Philosopher proposes a code of conduct for academics in a time of political uncertainty. MIT faculty members affirm their commitment to shared values.
Academics (and journalists) have been accused in the aftermath of the presidential election of being “out of touch” with the American electorate. At the same time, academics have played important leadership roles in eras and places in which free expression has come under threat — as some believe it is now in the U.S.
What is the role of the academic in such an era, or, at the very least, what are the academic’s obligations to his or her profession, campus and government? Rachel Barney, a professor of classics and philosophy at the University of Toronto (and a dual U.S.-Canadian citizen), this week proposed what she’s calling the Anti-Authoritarian Academic Code of Conduct.
Here’s the 10-point code in full:
- I will not aid in the registering, rounding up or internment of students and colleagues on the basis of their religious beliefs.
- I will not aid in the marginalization, exclusion or deportation of my undocumented students and colleagues.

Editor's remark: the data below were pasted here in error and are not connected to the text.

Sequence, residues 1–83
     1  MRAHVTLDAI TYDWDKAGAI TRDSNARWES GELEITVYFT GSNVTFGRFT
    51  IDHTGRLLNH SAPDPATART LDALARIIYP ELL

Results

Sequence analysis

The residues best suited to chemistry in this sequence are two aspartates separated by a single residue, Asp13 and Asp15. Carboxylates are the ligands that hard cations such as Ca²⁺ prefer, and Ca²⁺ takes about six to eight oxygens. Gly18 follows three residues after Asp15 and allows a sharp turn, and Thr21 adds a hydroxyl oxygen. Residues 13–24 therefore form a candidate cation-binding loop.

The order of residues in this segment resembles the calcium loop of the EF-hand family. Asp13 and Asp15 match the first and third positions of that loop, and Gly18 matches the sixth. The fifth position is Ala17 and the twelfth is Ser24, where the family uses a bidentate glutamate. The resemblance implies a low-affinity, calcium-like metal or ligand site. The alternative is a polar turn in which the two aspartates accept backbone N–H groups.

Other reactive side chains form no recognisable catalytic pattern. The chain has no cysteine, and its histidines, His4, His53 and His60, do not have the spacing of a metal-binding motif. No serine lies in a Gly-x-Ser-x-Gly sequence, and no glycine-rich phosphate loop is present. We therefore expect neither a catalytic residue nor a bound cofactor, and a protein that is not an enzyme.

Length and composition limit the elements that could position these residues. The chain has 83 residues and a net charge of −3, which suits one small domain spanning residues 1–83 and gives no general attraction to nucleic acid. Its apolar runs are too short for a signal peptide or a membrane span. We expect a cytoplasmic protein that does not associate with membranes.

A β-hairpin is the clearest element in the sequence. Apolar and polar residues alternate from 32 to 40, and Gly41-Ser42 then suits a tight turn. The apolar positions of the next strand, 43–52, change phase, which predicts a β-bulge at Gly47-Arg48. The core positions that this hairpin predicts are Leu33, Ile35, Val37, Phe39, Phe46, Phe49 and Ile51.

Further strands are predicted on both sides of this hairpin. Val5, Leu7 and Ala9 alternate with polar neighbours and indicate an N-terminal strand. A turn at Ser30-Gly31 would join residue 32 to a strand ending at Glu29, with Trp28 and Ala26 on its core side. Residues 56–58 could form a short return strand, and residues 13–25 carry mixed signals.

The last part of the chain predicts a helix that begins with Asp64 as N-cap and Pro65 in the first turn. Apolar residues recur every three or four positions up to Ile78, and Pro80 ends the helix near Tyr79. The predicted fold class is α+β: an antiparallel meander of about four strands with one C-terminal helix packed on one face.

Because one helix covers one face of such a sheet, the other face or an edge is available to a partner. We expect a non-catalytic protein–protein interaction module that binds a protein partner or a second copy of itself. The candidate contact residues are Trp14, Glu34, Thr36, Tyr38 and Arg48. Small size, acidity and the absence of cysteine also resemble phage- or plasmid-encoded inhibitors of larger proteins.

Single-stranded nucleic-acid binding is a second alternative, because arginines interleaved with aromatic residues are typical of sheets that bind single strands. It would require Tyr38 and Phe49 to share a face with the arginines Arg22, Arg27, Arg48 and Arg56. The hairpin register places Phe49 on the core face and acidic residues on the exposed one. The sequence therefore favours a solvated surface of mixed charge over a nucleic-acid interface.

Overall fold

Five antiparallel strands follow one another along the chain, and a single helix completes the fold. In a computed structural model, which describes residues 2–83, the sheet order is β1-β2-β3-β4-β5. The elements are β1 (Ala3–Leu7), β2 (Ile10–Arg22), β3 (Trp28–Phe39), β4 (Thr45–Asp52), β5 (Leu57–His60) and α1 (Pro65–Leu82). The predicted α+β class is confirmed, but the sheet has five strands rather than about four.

- I will, as my capacities allow, discourage and defend against the bullying and harassment of vulnerable students and colleagues targeted for important aspects of their identity (such as race, gender, religious beliefs, sexual orientation, etc.).
- I will not aid government or law enforcement in activities which violate the U.S. Constitution or other U.S. law.
- I will not aid in government surveillance. I will not inform.
- As a teacher and researcher, I will not be bought or intimidated. I will present the state of research in my field accurately, whether or not it is what the government wants to hear. I will challenge others when they lie. Read more…